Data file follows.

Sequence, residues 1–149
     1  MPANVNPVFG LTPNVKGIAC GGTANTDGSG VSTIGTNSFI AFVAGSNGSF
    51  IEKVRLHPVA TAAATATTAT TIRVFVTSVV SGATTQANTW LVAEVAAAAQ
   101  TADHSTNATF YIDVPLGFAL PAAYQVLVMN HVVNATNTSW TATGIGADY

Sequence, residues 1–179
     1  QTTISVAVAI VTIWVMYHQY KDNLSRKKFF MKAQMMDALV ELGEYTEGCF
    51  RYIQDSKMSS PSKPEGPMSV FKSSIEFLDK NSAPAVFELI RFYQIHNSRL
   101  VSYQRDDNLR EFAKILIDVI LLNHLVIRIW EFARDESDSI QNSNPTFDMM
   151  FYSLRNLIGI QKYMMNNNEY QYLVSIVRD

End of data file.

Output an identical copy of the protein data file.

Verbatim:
Sequence, residues 1–149
     1  MPANVNPVFG LTPNVKGIAC GGTANTDGSG VSTIGTNSFI AFVAGSNGSF
    51  IEKVRLHPVA TAAATATTAT TIRVFVTSVV SGATTQANTW LVAEVAAAAQ
   101  TADHSTNATF YIDVPLGFAL PAAYQVLVMN HVVNATNTSW TATGIGADY

Sequence, residues 1–179
     1  QTTISVAVAI VTIWVMYHQY KDNLSRKKFF MKAQMMDALV ELGEYTEGCF
    51  RYIQDSKMSS PSKPEGPMSV FKSSIEFLDK NSAPAVFELI RFYQIHNSRL
   101  VSYQRDDNLR EFAKILIDVI LLNHLVIRIW EFARDESDSI QNSNPTFDMM
   151  FYSLRNLIGI QKYMMNNNEY QYLVSIVRD